It has been over three years since I spend more than three days without doing something productive or additive. These days, if I climb for more than two days in a row without checking my email I start to grind my teeth. Or rather, with current technology, it is more like 6 hours without a quick run through my phone. This might come from obsessive behavior, or the need to feel important via a sense of being busy. But I think it has deeper roots in self-reliance. This weekend, driving to catch the 2 feet of fresh at Wildcat Mountain, on day four of dereliction, I realized I could just keep going.
Friday was ice climbing, Saturday a skin/ski, Sunday ice in the snow. Monday morning and it was packing up the car for downhill. We pulled out of the house and I left the rest of my life and my responsibilities behind me. I planned my continued escape: I could ski all day, come home, make squash soup, lemon tart, start stuffing figs with whole almonds for Christmas. I could do the same thing the next day. And the next.
Except I can’t. Because if I do, it will all disappear. I’m the engine.
I wasn’t telling the truth about the three days of dereliction. Yes, Friday was an all day event, but I wrote for most of the day Saturday and only skied for 2 hours. Sunday started with a few computer hours as well. Grand total, I likely worked half and half for those days. But while the 23” of snow blew off the roof of my van as I drove towards Pinkham Notch, it felt off-balance.
I’m not sure if I don’t know how to stop, or if I am afraid that I know too well how to stop and thus it’s the starting up again that makes me keep going.
Yesterday, it turned out there was no skiing to be had at Wildcat. 120 mph winds whipped off Mt. Washington’s summit and the lifts were closed. We could have skinned up, could have tried another hill, could have came home, switched gear, found an alcove of ice and had at it. Instead I came home and organized. Everything. I switched out my picks on my ice tools, I re-taped the shafts, I vacuumed the living room, twice, I put old things up on consignment, I did my bills. I did everything I could think of that could keep me from the work I had sitting in my computer. The words I needed to write. In the middle of all of that, I started to realize that I might need to re-conceptualize my definition of work.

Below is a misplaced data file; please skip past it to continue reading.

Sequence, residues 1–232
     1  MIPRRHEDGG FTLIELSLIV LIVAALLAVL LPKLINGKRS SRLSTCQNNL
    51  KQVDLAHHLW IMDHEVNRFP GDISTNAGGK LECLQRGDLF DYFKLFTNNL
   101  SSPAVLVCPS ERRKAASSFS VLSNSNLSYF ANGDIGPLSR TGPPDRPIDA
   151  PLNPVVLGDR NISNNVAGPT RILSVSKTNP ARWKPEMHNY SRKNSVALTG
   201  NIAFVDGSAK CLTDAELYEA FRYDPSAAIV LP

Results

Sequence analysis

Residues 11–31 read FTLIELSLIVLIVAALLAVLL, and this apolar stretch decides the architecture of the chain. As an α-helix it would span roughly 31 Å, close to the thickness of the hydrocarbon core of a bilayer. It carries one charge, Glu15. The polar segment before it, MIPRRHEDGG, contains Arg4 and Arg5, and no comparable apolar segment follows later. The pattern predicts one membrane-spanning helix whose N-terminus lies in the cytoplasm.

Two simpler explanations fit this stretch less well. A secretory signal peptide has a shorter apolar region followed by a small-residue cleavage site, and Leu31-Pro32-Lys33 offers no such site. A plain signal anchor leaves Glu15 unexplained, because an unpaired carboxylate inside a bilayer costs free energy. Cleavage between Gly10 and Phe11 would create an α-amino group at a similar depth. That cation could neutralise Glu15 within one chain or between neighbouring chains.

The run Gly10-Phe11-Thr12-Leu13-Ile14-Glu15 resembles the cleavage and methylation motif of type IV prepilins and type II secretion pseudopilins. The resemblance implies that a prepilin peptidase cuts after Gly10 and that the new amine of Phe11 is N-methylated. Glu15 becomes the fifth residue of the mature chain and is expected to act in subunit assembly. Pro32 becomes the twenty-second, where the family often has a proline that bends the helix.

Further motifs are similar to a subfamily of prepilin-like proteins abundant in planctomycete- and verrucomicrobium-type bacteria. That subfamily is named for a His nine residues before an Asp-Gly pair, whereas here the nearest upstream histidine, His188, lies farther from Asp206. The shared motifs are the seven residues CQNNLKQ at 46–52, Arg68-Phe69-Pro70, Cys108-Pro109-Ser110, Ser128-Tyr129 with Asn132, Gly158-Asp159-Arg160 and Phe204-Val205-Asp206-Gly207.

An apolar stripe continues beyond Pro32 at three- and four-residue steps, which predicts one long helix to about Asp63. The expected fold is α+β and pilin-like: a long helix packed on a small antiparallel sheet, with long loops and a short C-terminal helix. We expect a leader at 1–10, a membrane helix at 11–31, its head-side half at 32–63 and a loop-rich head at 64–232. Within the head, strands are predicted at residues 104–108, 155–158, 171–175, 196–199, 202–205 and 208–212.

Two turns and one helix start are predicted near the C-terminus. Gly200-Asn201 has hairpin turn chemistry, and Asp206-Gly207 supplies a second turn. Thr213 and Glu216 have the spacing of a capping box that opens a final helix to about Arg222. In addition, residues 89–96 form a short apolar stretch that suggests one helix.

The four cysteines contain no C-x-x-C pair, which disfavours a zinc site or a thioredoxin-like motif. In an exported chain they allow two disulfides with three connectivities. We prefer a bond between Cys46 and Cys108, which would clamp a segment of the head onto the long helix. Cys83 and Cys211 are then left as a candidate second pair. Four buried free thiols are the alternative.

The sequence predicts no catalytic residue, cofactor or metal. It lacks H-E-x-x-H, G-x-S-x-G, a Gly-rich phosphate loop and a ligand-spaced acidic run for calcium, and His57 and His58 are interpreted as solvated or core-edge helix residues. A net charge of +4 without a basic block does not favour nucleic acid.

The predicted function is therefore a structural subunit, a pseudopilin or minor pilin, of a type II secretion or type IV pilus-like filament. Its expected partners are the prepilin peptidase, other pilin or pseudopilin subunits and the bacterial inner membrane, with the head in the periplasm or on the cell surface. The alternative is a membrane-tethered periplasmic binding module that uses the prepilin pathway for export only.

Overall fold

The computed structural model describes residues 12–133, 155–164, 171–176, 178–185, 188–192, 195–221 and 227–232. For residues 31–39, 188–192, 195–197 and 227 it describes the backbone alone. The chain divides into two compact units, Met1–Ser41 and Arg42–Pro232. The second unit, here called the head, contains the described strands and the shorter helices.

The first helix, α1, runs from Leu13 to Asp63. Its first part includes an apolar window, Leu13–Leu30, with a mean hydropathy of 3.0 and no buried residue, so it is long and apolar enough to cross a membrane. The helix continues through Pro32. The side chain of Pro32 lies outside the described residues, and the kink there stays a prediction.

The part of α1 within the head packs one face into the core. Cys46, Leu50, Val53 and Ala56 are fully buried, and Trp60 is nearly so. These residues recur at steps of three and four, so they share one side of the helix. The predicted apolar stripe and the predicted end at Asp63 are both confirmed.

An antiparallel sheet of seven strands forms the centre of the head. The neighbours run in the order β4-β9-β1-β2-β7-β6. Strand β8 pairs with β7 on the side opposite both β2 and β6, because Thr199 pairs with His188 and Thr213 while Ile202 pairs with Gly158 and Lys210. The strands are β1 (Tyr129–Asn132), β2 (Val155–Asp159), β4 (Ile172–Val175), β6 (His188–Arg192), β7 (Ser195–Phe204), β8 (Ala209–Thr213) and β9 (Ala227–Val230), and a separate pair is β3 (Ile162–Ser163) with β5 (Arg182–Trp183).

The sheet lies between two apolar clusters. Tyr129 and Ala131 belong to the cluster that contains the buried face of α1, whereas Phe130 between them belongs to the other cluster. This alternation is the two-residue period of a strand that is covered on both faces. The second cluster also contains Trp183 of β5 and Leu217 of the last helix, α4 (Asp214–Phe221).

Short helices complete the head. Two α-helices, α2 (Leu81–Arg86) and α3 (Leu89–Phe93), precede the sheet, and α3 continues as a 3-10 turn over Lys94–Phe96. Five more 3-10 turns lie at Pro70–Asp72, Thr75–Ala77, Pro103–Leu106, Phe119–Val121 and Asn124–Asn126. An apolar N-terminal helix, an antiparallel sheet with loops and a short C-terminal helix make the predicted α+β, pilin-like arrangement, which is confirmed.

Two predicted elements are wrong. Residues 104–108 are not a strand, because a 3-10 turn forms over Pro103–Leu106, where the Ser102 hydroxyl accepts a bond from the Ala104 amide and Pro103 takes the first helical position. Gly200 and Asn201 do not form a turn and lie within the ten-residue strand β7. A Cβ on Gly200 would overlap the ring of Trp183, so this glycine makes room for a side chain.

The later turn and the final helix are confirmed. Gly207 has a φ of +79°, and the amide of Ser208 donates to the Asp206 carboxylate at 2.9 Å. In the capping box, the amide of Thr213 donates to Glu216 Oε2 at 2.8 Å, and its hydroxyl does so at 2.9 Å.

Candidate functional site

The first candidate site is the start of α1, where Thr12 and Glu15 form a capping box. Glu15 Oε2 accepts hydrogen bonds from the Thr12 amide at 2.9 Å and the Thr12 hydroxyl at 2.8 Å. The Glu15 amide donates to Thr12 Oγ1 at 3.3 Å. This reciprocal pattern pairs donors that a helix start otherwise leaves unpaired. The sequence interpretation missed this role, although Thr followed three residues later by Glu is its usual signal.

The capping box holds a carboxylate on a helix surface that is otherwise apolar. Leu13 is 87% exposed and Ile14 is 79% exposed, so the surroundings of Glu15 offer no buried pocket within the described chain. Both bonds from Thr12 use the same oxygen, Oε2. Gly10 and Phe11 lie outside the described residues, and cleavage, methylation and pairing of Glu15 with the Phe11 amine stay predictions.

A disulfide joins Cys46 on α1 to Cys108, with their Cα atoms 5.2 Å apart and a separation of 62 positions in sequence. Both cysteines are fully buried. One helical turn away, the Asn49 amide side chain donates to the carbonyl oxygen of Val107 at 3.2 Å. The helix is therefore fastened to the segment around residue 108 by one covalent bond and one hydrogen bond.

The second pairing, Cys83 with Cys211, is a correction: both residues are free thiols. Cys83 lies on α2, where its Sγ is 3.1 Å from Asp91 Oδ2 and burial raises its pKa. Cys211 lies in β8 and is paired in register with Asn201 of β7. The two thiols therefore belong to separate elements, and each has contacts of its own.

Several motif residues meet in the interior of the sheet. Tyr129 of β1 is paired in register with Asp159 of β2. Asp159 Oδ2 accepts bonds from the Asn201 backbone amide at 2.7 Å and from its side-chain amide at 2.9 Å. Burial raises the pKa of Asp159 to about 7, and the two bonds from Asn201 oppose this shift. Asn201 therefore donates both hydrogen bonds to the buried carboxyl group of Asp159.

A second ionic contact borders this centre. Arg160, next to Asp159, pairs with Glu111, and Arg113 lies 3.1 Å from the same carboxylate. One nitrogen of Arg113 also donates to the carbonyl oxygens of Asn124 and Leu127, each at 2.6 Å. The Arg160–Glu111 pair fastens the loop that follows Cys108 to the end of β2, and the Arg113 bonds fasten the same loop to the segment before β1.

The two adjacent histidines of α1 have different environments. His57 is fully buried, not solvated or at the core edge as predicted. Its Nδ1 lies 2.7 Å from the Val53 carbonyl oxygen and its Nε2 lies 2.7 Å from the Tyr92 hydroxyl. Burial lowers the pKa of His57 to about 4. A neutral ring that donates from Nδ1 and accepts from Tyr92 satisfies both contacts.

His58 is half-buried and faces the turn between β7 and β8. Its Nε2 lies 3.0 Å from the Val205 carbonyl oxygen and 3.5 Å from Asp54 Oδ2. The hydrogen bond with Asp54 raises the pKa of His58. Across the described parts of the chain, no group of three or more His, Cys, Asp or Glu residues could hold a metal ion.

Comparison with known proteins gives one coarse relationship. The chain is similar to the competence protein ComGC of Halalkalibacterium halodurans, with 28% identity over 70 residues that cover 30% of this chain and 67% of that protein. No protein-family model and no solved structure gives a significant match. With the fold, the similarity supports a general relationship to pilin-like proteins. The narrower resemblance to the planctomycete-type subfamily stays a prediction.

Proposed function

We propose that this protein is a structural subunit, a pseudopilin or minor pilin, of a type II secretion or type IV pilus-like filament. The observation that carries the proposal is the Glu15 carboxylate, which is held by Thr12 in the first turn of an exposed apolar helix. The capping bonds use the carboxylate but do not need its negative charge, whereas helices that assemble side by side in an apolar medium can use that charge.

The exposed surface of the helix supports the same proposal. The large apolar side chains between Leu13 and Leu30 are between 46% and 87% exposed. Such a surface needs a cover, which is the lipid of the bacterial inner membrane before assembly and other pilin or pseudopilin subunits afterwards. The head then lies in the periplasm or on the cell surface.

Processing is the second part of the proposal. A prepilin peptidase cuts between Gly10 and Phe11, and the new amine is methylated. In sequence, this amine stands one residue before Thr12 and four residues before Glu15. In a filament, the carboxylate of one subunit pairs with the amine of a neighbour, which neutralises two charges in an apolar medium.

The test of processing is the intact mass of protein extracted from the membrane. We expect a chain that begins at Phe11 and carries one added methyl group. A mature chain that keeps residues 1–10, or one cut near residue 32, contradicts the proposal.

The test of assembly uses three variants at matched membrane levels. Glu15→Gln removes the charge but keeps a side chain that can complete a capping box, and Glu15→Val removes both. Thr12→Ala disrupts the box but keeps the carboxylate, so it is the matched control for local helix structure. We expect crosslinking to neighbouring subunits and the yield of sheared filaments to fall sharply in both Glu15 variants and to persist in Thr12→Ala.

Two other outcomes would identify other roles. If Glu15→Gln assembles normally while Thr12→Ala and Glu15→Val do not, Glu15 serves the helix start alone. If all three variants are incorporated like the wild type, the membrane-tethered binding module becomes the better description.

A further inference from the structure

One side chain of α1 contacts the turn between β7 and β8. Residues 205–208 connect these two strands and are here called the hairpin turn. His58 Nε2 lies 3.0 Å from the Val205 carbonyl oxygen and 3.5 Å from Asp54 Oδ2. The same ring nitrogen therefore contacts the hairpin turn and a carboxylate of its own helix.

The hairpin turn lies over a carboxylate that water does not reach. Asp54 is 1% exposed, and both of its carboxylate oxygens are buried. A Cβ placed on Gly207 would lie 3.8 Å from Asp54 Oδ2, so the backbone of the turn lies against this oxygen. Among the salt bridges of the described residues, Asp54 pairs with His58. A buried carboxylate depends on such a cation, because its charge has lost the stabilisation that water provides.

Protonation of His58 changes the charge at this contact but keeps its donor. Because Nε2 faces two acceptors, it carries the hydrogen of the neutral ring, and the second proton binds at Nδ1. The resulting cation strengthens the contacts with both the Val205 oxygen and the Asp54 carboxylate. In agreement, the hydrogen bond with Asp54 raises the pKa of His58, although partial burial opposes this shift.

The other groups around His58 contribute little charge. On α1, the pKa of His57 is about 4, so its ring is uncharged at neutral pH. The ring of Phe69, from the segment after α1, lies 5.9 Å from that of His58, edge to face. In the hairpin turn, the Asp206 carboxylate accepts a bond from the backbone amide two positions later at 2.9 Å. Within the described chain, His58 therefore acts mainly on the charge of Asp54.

When you get up and go into a job at an office every day, the very physical threshold you cross signifies work. You could pay your bills in that office that day, Twitter, search for a flourless chocolate torte recipe-- but you were at work. When you work at home there is no distinction.
It’s 8:38 am the day before Christmas Eve. Already I have fought a twenty-minute battle with steel wool against the roasting pan from the other night, vacuumed (again), and stared at the opening lines of the chapter-to-be. When did my day start? Does it count that I woke up at 6:03 and stared cross-eyed at my pillow and thought about the writing? When do I recognize that I need a break as well? When do I let myself take one- and then make myself take a real one. Because I can hear you all out there telling me that it doesn’t count if I turn on my computer. That my half days of fun count as full days without the on-switch.
So here is what I am thinking. A Holiday Break for the Un-breakables. Who’s in?